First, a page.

Sometimes it all comes down to money and pride.  A wealthy member, can carry a church financially, but if he/she is slighted, or feels unappreciated, there can be all manner of problems.  Small churches are more susceptible to this form influence or tragedy.  Solo pastors have to be conscious of both the influence of these members, and of the appearance of partiality when feeding this beast.  Many wealthy church members are extremely humble, and even reject positions of influence because of the appearance of impropriety.  However, any time the financial solvency of a church relies on a single contributor – especially when the contribution is as significant as the solo pastors salary, there can be challenges.

5) Smaller congregations are more likely to get “stuck”.

There are many reasons for this.  This can happen because we lack resources, talents, or ideas.  It can also happen because of the graying of the congregation, and the lack of new members.  It can happen because the solo pastor does not have much of a support system outside the congregation.  I think most often it is a combination of friction and inertia.  Change causes friction (people don’t always agree on how to change, and sometimes become resistant to change) , and it takes energy to overcome the inertia (a body at rest tends to remain at rest) of our current state.  The combination of friction and inertia, can prove too much for a solo pastor to overcome.

6) Sectarian “Bias” prevents ecumenical collaboration.

Congregations, even smaller ones, especially those in decline, want to control their own destiny.  It is hard to collaborate with other churches nearby to meet common needs, or to reach the community – because we feel our denominational convictions too strongly.  Why can’t Baptists and Reformed and Lutherans work together?  Why can’t three small congregations form a partnership to reach a community – why do we have to do it alone.  I think the answer often is that each congregation wants to retain its identity and to control its destiny.  Fear of being consumed by another larger congregation or of losing membership to another organization is mostly what prevents us from finding the common ground required to sponsor or participate in interdenominational or ecumenical collaboration.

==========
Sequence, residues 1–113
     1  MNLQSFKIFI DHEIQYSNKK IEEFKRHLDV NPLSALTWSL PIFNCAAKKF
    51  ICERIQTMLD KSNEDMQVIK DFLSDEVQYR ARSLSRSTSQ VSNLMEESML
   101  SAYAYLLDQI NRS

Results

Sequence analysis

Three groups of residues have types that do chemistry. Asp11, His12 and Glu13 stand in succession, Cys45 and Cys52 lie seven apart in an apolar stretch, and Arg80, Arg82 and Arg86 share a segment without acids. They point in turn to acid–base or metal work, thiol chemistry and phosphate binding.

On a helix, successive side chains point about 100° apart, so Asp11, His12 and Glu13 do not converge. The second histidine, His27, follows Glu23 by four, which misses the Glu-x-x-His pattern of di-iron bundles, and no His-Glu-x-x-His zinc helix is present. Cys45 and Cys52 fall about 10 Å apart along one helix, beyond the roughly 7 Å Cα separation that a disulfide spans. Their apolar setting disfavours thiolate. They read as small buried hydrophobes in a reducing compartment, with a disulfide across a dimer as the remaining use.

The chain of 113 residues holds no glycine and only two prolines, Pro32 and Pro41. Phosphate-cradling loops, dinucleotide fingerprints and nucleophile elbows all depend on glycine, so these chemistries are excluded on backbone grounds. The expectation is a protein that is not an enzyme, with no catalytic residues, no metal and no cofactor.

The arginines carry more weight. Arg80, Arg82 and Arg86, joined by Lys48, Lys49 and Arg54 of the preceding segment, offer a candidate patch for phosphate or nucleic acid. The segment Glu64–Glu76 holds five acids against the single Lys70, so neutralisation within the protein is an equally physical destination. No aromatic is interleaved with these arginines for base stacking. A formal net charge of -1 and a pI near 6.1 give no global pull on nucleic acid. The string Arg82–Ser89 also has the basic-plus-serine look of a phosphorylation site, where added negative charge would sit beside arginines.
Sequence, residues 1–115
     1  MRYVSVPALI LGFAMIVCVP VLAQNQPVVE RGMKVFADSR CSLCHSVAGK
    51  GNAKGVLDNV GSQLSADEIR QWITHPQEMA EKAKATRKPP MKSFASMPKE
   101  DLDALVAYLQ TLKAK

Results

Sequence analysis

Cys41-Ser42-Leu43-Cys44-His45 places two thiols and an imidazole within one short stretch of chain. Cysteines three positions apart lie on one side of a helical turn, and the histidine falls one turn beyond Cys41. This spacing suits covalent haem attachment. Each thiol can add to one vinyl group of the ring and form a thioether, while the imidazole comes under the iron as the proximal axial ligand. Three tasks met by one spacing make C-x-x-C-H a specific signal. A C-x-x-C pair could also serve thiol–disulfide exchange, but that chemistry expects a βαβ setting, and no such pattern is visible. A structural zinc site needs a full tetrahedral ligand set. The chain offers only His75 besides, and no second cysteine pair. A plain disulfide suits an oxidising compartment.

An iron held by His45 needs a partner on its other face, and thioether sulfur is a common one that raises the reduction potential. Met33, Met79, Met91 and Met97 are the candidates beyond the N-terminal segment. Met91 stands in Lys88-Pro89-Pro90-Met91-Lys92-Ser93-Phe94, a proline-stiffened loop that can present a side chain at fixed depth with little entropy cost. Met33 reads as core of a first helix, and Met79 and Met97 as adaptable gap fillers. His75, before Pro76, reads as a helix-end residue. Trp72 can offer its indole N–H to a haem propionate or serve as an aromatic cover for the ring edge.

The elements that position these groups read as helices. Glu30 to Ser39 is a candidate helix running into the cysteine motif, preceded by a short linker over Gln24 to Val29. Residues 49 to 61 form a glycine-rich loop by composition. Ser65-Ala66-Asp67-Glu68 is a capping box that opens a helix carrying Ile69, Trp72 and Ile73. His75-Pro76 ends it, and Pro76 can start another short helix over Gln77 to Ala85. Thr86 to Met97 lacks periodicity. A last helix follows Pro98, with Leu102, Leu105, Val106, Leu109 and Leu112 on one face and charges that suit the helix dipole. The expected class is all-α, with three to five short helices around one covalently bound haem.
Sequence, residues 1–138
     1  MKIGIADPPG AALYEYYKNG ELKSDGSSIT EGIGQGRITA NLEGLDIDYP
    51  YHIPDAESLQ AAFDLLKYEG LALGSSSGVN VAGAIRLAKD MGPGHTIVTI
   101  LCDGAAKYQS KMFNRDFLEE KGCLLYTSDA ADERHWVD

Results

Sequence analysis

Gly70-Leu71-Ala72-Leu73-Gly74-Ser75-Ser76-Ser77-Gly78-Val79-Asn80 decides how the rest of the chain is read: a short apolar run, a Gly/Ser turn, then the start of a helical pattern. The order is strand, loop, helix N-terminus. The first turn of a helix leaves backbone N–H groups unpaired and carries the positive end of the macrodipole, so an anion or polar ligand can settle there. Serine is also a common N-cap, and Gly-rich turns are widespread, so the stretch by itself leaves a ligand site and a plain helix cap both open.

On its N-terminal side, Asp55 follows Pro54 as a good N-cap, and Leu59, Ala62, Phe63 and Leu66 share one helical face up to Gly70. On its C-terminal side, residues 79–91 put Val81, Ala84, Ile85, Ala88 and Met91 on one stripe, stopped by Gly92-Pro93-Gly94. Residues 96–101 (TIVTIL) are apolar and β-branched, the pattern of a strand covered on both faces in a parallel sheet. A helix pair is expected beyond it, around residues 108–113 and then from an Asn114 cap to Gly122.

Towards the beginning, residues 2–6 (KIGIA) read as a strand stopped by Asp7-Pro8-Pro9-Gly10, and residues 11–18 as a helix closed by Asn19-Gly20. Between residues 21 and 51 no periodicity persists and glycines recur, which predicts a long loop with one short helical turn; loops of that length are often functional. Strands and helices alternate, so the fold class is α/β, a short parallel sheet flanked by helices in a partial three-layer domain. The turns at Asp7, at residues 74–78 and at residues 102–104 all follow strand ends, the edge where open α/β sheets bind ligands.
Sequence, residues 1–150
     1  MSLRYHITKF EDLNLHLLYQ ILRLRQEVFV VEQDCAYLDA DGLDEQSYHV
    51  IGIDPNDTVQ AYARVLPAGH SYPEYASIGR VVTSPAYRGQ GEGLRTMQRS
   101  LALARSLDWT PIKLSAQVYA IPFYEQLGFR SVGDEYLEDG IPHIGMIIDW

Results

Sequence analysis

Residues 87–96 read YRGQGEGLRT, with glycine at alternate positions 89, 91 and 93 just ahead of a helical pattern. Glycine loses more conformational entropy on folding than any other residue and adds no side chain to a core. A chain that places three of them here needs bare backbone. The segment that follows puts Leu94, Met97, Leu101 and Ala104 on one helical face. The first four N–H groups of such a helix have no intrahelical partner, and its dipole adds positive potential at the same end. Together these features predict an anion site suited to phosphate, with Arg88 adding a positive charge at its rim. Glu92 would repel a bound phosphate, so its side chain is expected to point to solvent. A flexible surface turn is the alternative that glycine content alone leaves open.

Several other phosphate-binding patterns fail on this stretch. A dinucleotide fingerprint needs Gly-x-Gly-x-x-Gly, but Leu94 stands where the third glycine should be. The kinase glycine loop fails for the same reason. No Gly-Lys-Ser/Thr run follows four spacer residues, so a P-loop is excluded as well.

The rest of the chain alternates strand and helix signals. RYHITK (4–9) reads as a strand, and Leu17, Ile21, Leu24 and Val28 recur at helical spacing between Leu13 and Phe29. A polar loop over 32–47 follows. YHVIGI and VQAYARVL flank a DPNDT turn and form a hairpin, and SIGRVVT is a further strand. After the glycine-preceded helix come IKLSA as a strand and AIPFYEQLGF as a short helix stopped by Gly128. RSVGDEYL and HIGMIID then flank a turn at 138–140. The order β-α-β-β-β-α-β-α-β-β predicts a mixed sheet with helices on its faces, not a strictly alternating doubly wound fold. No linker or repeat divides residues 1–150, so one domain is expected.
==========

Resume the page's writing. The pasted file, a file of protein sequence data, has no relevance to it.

If you are a member or attender of a solo pastor church, please pray for your pastor.  He needs that more than anything.  If you are a solo pastor, know that I am praying for you.  I have no solutions, nor are all of these problems.  I am simply recording my observations and opinions.  I used to think that small churches and solo pastorates were a suitable training ground.  Now I have a different opinion.  Solo pastoring is a difficult challenge, not for the faint-hearted.